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A Trip to the Ozarks #3

from the river to the outskirts of the city. The business portion
of Fort Smith is both solid and substantial, the buildings being of
brick or stone, and built in accordance with the present day models
of architecture of that class of buildings. Not only is the city
itself, but also for some distance into the suburbs, there are lines
on lines, stretches on stretches of beautiful gardens, amid which rise
handsome residences, which not only testify to the good taste of the
people of Fort Smith, but are mute witnesses and substantial evidences
of the fact that many of her citizens are well endowed with this
world's goods.

The mountainous country for miles and miles around is rich in coal and
wood, from which two commodities, either directly or indirectly, the
city derives a considerable revenue. The roads over which we traveled
thru Texas, Okla., and Ark., being made by the government or the state,
or by both combined, or under their immediate supervision, were models
not only of road-making, but also of the care which is taken to promote
the comfort and peace-of-mind of the traveler, as well as to make use
of such devices as may insure his safety and security. In order that
the traveler may, without bother or hindrance, pursue undeviatingly
his course to his desired destination, each road, as you know, has its
specific number, so that if one should be traveling by Road No. 10,
or II, or IoI, as the case may be, the frequent occurrence and recurrence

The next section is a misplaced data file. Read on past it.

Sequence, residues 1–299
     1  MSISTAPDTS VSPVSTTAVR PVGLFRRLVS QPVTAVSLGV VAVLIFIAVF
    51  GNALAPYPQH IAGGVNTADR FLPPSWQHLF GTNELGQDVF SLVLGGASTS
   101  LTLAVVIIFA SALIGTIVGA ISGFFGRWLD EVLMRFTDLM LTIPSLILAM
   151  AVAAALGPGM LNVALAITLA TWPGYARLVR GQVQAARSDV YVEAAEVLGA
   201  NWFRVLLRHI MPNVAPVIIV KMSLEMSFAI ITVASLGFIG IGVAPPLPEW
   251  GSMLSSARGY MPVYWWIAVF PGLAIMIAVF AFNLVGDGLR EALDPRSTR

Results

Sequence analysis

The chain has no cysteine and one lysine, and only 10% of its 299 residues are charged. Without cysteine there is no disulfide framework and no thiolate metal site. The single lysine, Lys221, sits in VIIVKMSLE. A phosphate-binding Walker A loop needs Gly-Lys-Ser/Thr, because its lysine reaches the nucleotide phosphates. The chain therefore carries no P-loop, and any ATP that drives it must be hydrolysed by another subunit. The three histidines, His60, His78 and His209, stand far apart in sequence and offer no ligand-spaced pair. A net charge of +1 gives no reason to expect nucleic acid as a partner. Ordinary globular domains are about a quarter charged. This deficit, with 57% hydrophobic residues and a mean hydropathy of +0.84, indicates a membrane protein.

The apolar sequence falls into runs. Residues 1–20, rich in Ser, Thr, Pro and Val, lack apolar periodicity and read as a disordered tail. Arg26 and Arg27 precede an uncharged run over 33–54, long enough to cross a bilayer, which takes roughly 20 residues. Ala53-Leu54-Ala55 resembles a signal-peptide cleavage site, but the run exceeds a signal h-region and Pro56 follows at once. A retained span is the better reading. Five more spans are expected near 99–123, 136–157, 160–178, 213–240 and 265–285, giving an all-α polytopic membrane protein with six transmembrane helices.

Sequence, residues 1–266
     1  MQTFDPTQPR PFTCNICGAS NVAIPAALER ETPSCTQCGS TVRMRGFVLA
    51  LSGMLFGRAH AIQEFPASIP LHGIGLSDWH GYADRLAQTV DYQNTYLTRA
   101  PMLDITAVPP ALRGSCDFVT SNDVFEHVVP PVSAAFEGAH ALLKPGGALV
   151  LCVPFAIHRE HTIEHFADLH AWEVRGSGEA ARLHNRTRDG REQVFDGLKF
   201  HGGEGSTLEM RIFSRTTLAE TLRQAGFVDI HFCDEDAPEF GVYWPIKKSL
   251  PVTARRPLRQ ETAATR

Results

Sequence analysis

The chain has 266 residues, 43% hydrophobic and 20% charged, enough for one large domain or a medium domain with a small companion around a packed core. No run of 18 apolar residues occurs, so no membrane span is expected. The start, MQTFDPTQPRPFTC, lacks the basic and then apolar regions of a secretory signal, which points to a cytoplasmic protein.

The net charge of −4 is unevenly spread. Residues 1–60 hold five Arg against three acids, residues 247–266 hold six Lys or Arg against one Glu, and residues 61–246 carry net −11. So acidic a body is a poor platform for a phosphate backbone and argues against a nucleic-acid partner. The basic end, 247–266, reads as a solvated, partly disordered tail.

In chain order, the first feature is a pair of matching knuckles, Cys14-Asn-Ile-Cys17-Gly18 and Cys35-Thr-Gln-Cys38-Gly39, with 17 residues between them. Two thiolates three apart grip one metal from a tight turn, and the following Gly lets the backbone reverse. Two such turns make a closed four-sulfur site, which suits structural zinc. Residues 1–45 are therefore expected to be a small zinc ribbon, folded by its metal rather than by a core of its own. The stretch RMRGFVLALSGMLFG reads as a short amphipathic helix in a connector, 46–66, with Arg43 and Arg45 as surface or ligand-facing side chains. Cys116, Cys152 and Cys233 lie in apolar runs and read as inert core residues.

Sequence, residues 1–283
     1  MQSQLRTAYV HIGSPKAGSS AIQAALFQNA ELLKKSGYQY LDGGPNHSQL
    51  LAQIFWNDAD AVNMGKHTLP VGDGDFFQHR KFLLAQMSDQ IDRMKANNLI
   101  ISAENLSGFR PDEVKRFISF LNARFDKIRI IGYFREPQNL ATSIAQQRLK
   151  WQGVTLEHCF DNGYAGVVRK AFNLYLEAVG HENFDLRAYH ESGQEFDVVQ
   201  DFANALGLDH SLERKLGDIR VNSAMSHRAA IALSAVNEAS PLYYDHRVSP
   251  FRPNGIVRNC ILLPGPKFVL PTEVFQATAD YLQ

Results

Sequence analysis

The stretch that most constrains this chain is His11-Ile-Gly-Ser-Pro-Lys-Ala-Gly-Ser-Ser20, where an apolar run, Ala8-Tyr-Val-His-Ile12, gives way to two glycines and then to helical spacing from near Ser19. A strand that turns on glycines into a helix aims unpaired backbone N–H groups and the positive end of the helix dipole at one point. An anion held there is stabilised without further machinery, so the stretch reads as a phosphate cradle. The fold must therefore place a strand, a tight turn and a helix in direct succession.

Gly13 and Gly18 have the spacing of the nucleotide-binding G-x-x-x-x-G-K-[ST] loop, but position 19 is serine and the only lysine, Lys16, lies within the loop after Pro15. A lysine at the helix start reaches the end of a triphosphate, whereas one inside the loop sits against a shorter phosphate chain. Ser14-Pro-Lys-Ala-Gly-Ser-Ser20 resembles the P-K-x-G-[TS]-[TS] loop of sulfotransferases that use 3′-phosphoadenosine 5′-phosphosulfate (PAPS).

of sign boards along the way are his guaranty and assurance that he is
on the right road to his destination. Moreover, in these days, when the
automobile, like a mighty Juggernaut, is crushing by the hundreds and
thousands the lives of men, women, and children, by that recklessness
and carelessness, which is too often the cause of thsi Krishna-like, or
Moloch-like, sacrifice of human lives, every precaution is taken, if not
to prevent entirely, yet to minimize as much as possible, the dangers
incident to our present swift, speedy, and often furious and Jehu-like
methods of traveling.

If one, for instance, is approaching a sharp curve in the road, where
there is a possibility and a probability of meeting a car coming from
the opposite direction, a sign board, some little distance, from the
curve, has painted on it, the word, "Curve", or a curving piece of
wood or iron, "Only this and nothing more". If one is approaching
a narrow bridge, where it would be impossible for two cars to pass,
at the same time, the warning on the sign board reads "Narrow Bridge".
If one is approaching a railroad crossing, where so many fearful acci-
dents have occurred in the past, and frequently occurring in the present
and are bound to occur more or less frequently in the days to come, a
large sign by the R.R. Crossing, especially in the state of Arkansas
has on it the words: "Stop ! State of Arkansas. " But as I noticed
very few person pay any attention to the strict letter of this in-
junction, this law like some other laws of the land, is more honored in
the breach than in the observance.

By a recent compution there are 2, 500, 000 of these main crossings
which here and there and everywhere confront those who travel over the
public highways of the country. By those who are in a position to
know, and whose statement are as reliable as it is humanly possible
for any statement of the kind to be - by these it is asserted that
if the railways of the United States were required to do away with
these objectionable features of their construction, a compliance with
such a requirement would necessitate the expenditure, 19000000000
an expenditure so great that it could not fail to bankrupt every rail
system in the United States.

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